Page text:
II. Physiology

  1. Urachus develops from Urogenital sinus
    1. Superior portion develops into Bladder and Urachus
    2. Inferior portion develops into Urethra
  2. Urachus obliterates during month 4-5 of gestation
    1. Urachus left as fibrous cord remnant
    2. Cord stretches from Bladder to Umbilicus

III. Signs

  1. Persistent drainage from newborn Umbilicus
  2. Delayed separation of Umbilical Cord
  3. Omphalitis

IV. Causes: Urachal Anomaly (Urachus not fully obliterated)

  1. Patent Urachus (50%)
    1. Results from complete lack of urachal involution
    2. Free communication from Bladder to Umbilicus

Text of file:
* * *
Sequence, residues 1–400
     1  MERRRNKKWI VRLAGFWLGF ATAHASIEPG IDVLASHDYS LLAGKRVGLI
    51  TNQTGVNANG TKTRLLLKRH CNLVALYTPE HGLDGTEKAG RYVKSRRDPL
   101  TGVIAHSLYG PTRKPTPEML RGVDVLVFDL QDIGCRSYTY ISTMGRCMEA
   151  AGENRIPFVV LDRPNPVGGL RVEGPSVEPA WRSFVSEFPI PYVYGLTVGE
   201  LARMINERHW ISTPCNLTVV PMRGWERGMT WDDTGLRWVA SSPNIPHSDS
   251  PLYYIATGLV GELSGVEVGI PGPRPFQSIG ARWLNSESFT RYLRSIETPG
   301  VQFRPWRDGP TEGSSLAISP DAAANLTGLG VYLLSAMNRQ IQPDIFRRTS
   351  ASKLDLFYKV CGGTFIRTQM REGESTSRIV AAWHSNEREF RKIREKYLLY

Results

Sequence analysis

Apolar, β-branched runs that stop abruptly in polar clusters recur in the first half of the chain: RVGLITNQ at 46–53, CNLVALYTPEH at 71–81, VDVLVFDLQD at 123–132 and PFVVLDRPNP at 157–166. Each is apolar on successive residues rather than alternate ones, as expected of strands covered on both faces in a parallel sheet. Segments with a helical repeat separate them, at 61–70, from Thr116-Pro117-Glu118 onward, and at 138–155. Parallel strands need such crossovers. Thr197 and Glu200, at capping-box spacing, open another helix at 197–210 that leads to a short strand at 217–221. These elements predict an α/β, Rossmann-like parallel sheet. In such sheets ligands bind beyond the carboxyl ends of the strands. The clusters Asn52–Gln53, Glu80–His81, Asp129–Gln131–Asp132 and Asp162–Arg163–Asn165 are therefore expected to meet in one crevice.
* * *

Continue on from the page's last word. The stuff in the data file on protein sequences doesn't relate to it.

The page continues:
2. Urachal Cyst (30%)
    1. Cyst of desquamated epithelial cells
    2. Small and undetected in two thirds of cases
    3. Risk of urachal abscess with secondary peritonitis
  3. Urachal Sinus
    1. Communication with Umbilicus
  4. Vesicourachal Diverticulum (Bladder Diverticulum)

V. Radiology: Urachal Anomaly Detection

  1. CT Abdomen (best evaluation)
  2. Abdominal Ultrasound
  3. Voiding Cystourethrogram (if umbilical discharge)

VI. References

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